Graffiti Boards

Students exploring "what's on their minds"

Graffiti Boards with Young Children


Students learn from capturing and exploring “what’s on their minds.” As they interact with people and texts, they search for patterns that connect their current experiences to past events, texts, and feelings. Through these connections they are able to make sense of those experiences. They also attend to difference, to the “yet to be understood.” As students read or engage in an experience, their initial thinking and responses can easily be lost, fleeting in and out of their minds. They need a way to quickly capture these responses that does not require them to organize their thinking or express that thinking in formal ways. Through quickly capturing their initial thinking by jotting words and thoughts and sketching images, they can then revisit that thinking to share with others or to organize that thinking through a web or chart.



  1. A large sheet of chart paper
  2. Markers of various colors or pastels or colored pencils



  1. Students engage in some type of shared experience, such as listening to a read aloud, participating in a science observation or experiment, observing an event, or listening to a musical composition.
  2. During the shared experience, students sit in small groups at tables with a large piece of chart paper in the middle of the table. At various points throughout the experience, students are invited to stop and write their observations and reflections on the paper in the form of graffiti. Each person takes his or her own corner of the paper and works alone, sketching and writing images, words, and phrases that come to mind. There is no particular organization to those images and words. They are simply written randomly on the graffiti board.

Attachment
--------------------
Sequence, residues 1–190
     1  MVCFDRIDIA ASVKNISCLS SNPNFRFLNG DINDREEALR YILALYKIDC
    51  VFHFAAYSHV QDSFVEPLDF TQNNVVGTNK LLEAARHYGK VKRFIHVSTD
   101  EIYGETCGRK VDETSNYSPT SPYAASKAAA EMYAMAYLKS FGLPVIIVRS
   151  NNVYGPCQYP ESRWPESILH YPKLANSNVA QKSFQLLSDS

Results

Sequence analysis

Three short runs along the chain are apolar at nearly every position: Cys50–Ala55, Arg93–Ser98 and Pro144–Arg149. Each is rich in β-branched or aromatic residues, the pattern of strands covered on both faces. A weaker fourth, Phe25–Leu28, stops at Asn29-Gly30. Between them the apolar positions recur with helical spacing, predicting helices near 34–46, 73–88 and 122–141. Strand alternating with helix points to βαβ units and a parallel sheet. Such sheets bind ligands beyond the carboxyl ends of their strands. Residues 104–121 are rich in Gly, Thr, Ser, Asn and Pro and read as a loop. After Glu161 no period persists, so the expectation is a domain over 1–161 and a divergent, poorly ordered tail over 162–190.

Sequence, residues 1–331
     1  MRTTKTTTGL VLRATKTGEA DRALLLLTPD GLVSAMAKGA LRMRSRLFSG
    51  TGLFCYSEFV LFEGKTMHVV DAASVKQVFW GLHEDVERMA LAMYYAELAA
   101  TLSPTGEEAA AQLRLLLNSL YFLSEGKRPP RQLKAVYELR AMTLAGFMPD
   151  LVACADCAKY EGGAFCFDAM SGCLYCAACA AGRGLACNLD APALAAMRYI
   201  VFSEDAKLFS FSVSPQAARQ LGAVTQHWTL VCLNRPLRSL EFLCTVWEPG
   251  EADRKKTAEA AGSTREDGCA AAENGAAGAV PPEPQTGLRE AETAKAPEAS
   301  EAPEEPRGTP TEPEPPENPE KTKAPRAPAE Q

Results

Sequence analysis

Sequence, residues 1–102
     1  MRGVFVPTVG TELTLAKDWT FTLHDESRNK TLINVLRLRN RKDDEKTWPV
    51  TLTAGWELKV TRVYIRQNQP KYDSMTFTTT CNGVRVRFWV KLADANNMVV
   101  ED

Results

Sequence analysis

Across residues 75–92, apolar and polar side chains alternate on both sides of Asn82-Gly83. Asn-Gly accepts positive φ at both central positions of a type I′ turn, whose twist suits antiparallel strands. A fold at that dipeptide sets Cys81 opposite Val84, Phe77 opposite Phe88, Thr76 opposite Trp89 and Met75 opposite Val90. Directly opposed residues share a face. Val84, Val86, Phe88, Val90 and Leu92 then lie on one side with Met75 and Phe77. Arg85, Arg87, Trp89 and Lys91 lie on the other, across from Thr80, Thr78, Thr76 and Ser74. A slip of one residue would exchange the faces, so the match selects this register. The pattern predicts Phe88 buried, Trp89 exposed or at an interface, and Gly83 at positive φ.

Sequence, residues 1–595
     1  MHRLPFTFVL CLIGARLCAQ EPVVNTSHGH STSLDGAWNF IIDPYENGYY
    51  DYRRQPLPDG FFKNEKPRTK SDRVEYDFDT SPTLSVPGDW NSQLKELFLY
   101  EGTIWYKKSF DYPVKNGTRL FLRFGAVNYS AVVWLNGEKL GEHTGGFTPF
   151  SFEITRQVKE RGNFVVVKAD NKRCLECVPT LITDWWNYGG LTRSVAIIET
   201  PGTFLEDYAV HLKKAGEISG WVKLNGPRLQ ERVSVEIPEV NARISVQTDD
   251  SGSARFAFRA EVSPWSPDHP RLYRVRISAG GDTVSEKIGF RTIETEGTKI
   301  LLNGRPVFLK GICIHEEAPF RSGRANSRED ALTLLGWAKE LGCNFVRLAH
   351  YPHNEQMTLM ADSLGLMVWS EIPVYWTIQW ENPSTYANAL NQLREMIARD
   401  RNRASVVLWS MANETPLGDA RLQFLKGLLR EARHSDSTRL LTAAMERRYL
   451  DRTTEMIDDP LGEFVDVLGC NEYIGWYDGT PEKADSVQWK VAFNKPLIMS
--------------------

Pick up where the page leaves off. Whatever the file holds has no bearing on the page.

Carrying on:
3. For a read aloud experience, have children listen to the book being read to them, encouraging them to comment on the story. Then introduce the graffiti board and have the children draw as they listen to the book a second time.
  4. The graffiti board can be a large sheet of paper on the floor with all of the children seated around the paper to sketch their responses and then later dictate words to describe their thinking.
  5. Students share their thinking with each other, using the graffiti board as a reference point to remind them of their thinking.
  6. The experience can be extended by creating an organized web, chart, or diagram of their connections from the unorganized thoughts and images on the board.


Graffiti 1

First Grade Graffiti Board Responses to picture book, You Be Me, I’ll Be You.

Graffiti 2

Graffiti 3

Kindergarten children’s graffiti board responses for a Korean book, No Way, Subway.

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